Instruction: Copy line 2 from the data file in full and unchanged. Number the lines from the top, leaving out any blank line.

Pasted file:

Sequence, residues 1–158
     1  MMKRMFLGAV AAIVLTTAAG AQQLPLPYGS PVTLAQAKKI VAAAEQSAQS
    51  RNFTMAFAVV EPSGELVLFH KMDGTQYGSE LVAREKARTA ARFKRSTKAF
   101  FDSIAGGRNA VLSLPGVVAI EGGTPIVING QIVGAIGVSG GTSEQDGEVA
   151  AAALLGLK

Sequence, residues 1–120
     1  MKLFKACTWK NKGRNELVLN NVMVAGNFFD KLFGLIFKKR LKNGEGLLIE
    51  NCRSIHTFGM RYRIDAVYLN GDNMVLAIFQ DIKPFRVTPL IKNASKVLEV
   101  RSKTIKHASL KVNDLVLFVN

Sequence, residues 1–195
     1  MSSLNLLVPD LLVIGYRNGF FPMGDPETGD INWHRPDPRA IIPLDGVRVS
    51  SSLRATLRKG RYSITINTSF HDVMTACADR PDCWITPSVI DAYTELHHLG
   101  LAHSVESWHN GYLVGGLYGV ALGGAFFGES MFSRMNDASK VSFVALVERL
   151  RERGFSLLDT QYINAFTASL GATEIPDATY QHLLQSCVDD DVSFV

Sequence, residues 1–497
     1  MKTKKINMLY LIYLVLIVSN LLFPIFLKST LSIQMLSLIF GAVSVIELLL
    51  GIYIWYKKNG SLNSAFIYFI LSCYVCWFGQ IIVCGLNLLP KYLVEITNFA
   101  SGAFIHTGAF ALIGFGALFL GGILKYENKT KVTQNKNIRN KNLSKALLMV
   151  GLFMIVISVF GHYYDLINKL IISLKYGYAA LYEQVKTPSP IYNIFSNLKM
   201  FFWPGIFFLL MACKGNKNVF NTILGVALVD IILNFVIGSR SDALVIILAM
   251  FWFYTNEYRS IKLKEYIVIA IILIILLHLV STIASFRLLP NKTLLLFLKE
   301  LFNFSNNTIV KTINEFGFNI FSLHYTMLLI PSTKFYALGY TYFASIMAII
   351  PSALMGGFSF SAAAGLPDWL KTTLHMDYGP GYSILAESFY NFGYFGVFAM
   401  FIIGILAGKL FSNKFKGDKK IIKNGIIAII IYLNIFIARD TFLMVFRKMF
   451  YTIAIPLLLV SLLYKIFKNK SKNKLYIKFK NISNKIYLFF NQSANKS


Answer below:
     1  MMKRMFLGAV AAIVLTTAAG AQQLPLPYGS PVTLAQAKKI VAAAEQSAQS